Kasperian Moving Parts

kinda like Batman, but with a wife and 3 kids

V for Vendetta

| 1 Comment

Wow. Movies always affect me more than they probably should. I don’t know if it’s a good thing or a bad thing, necessarily, but it’s definitely a thing.

I just tonight had the chance to watch V for Vendetta. I’ve never read the graphic novel, and as such I came to the movie with pretty much no expectations and no history with the story line. I did read something somewhere that made me think that the story hinged on Natalie Portman’s character being raped, though, and I’m quite happy to find that it did not and that she was not.

I’ll leave the story’s synopsis for those who enjoy such things are are better equipped for this one.

But wow. I was very taken by the well-crafted story. I was impressed once again with Hugo Weaving’s acting ability and absolutely loved the dialog. The themes that the movie (and graphic novel it’s based on) are dark and serious and far more realistic than the general population wants to believe. As futuristic as the film would have us believe it is, it’s actually not–and I think that that’s truly the power behind it. The beautifully crafted scenes, dialogs, action sequences and sets and the wonderfully well-acted parts within them by Hugo Weaving, Natalie Portman, Stephen Rea, and all the rest serve to bring to life a very real and serious reality. I’ll paste V’s first speech to the people of the country to demonstrate…

Good evening, London. Allow me first to apologize for this interruption. I do, like many of you, appreciate the comforts of every day routine- the security, the familiar, the tranquility, repetition. I enjoy them as much as any bloke. But in the spirit of commemoration, thereby those important events of the past usually associated with someone’s death or the end of some awful bloody struggle, a celebration of a nice holiday, I thought we could mark this November the 5th, a day that is sadly no longer remembered, by taking some time out of our daily lives to sit down and have a little chat. There are of course those who do not want us to speak. I suspect even now, orders are being shouted into telephones, and men with guns will soon be on their way. Why? Because while the truncheon may be used in lieu of conversation, words will always retain their power. Words offer the means to meaning, and for those who will listen, the annunciation of truth. And the truth is, there is something terribly wrong with this country, isn’t there? Cruelty and injustice, intolerance, and depression. And where once you had the freedom to object, think, and speak as you saw fit, you now have censors and systems of surveillance coercing your conformity and soliciting your submission. How did this happen? Who’s to blame? Well certainly there are those more responsible than others, and they will be held accountable, but again truth be told, if you’re looking for the guilty, you need only look into a mirror. I know why you did it. I know you were afraid. Who wouldn’t be? War, terror, disease. There were a myriad of problems which conspired to corrupt your reason and rob you of your common sense. Fear got the best of you, and in your panic you turned to the now high chancellor, Adam Sutler. He promised you order, he promised you peace, and all he demanded in return was your silent, obedient consent. Last night I sought to end that silence. Last night I destroyed the Old Bailey, to remind this country of what it has forgotten. More than four hundred years ago a great citizen wished to embed the fifth of November forever in our memory. His hope was to remind the world that fairness, justice, and freedom are more than words, they are perspectives. So if you’ve seen nothing, if the crimes of this government remain unknown to you then I would suggest you allow the fifth of November to pass unmarked. But if you see what I see, if you feel as I feel, and if you would seek as I seek, then I ask you to stand beside me one year from tonight, outside the gates of Parliament, and together we shall give them a fifth of November that shall never, ever be forgot.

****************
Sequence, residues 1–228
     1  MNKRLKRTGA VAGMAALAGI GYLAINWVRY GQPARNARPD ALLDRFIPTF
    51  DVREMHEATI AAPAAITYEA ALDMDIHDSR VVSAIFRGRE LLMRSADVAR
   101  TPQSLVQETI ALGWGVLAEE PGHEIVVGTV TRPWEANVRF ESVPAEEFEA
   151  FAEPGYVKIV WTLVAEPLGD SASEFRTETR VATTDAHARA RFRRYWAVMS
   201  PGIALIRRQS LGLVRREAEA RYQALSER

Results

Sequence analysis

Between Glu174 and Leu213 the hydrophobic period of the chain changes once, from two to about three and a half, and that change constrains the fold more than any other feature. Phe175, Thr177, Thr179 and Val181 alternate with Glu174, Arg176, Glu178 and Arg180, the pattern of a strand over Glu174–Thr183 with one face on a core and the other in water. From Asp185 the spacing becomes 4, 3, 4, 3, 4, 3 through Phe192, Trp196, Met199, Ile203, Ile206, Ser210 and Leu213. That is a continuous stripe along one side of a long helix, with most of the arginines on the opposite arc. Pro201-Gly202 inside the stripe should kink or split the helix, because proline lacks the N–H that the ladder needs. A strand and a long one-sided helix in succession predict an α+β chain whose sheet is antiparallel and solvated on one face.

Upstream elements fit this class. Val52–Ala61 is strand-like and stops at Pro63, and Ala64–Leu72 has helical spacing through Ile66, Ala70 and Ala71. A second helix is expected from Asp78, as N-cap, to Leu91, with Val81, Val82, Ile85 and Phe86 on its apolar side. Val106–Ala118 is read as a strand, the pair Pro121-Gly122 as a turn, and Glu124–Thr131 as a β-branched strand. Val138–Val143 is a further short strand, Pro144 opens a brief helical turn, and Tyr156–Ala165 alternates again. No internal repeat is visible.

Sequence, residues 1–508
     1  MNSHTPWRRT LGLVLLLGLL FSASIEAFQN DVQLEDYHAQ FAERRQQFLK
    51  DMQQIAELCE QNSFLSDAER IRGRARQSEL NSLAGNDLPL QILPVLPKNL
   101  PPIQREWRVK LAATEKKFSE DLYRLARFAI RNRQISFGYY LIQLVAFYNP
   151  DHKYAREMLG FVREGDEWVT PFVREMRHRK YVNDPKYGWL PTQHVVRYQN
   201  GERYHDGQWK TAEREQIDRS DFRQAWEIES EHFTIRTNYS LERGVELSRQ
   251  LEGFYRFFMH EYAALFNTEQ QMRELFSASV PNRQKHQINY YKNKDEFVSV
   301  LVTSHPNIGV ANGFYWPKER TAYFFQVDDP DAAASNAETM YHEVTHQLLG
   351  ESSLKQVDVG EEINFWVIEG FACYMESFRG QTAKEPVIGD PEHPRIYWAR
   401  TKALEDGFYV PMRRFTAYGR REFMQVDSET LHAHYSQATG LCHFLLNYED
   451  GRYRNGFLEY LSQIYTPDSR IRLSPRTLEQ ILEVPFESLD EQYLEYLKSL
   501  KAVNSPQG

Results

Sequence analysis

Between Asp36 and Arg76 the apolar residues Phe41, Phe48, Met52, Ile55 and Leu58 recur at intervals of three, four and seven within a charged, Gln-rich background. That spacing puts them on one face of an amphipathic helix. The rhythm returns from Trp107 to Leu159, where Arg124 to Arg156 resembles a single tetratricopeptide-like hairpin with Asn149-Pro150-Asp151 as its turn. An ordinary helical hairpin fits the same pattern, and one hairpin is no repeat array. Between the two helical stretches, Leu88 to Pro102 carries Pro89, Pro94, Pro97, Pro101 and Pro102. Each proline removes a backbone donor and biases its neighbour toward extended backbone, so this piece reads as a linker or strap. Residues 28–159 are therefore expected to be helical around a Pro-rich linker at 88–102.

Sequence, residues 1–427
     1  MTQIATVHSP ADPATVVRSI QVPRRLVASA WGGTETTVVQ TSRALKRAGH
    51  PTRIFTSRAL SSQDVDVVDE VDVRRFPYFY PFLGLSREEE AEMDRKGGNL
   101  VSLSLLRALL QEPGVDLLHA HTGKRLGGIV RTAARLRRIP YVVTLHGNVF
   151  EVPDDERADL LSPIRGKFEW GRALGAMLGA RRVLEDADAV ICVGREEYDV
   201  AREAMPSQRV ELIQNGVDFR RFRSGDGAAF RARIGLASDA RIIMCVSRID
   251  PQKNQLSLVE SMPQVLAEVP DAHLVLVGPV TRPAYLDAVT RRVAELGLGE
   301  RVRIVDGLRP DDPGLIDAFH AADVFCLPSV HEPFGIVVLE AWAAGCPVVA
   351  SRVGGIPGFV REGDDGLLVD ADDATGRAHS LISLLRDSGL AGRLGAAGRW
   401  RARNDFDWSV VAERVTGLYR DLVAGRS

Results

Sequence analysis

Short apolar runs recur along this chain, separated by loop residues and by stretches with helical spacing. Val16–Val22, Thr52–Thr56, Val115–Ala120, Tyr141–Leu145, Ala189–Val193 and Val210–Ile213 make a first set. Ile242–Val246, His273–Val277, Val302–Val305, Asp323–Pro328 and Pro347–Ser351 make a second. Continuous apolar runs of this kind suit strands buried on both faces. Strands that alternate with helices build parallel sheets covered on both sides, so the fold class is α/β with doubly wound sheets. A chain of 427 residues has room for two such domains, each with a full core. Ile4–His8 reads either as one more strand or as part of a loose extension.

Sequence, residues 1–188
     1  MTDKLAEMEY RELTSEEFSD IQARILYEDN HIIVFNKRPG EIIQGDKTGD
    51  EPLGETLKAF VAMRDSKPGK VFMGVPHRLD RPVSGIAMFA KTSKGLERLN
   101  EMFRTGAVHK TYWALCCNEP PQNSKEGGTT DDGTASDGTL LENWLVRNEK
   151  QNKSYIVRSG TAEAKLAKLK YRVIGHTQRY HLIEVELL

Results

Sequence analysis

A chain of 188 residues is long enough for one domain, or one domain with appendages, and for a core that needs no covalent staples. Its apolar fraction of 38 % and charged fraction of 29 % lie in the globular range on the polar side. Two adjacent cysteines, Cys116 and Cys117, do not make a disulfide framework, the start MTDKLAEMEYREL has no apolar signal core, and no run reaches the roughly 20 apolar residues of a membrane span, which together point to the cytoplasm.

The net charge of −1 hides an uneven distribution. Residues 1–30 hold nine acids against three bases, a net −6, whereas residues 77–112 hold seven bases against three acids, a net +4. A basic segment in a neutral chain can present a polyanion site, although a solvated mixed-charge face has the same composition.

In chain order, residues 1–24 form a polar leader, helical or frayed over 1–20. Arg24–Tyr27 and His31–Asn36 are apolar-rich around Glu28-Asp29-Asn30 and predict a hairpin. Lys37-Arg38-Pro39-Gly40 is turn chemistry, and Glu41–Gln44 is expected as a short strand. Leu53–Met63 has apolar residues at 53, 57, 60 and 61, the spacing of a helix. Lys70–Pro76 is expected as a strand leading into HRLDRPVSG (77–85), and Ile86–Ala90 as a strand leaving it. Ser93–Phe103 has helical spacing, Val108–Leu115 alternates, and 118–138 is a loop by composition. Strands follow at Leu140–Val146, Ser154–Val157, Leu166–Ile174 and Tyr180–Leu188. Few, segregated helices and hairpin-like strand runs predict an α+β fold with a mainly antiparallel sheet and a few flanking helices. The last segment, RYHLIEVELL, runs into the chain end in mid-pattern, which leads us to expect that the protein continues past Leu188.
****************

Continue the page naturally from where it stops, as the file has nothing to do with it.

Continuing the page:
Now that, my friend, is one well-crafted and powerful monologue–and one that holds truth for our current day and culture. Let me paste again that which speaks loudest to me:

And the truth is, there is something terribly wrong with this country, isn’t there? Cruelty and injustice, intolerance, and depression. And where once you had the freedom to object, think, and speak as you saw fit, you now have censors and systems of surveillance coercing your conformity and soliciting your submission. How did this happen? Who’s to blame? Well certainly there are those more responsible than others, and they will be held accountable, but again truth be told, if you’re looking for the guilty, you need only look into a mirror. I know why you did it. I know you were afraid. Who wouldn’t be? War, terror, disease. There were a myriad of problems which conspired to corrupt your reason and rob you of your common sense. Fear got the best of you, and in your panic you turned to (the government, the judges of the land, politicians). (They) promised you order, (they) promised you peace, and all (they) demanded in return was your silent, obedient consent.

I am quite certain that many of you won’t get this. But there is something terribly wrong with this country. We also have handed control over to those who are now dictating what is and is not acceptable without our consent nor our input.

Get it?

Wake up, Neo. The Matrix has you.

Author: Jason 'vanRijn' Kasper

My name is Jason 'vanRijn' Kasper. I am the ring leader of the amazing Kasper family. I am unashamedly a Christian Nerd. These are our stories....

One Comment

  1. Best speech of all time. The words alone have power that everyone should feel.

Leave a Reply

Required fields are marked *.


 

This site uses Akismet to reduce spam. Learn how your comment data is processed.